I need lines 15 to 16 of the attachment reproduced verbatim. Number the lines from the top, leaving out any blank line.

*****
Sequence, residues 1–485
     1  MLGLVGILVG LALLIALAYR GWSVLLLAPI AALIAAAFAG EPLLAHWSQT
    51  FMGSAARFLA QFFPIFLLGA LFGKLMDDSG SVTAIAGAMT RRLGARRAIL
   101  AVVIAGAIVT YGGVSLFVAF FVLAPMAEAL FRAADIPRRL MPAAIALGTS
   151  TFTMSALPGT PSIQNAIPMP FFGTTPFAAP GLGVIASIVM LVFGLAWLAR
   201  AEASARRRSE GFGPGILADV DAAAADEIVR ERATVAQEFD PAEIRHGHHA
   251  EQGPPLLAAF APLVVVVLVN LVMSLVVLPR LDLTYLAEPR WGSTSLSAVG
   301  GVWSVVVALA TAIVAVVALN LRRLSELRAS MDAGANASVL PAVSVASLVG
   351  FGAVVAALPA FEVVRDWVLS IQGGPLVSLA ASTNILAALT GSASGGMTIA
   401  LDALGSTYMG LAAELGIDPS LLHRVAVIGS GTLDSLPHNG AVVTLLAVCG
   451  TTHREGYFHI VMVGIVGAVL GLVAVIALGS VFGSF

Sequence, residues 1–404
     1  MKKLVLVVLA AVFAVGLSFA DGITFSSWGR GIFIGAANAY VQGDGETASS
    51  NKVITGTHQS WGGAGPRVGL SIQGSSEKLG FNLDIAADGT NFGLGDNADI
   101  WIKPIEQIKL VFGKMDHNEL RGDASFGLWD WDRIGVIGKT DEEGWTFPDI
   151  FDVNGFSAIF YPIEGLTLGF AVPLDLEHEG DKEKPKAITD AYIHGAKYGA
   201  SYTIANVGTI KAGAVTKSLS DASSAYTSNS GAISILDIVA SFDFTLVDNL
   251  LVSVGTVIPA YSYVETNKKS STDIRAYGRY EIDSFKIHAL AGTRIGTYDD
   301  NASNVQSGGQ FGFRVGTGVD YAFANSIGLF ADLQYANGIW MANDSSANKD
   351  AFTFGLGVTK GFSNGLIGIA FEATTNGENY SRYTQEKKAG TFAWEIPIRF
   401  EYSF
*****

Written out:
   101  WIKPIEQIKL VFGKMDHNEL RGDASFGLWD WDRIGVIGKT DEEGWTFPDI
   151  FDVNGFSAIF YPIEGLTLGF AVPLDLEHEG DKEKPKAITD AYIHGAKYGA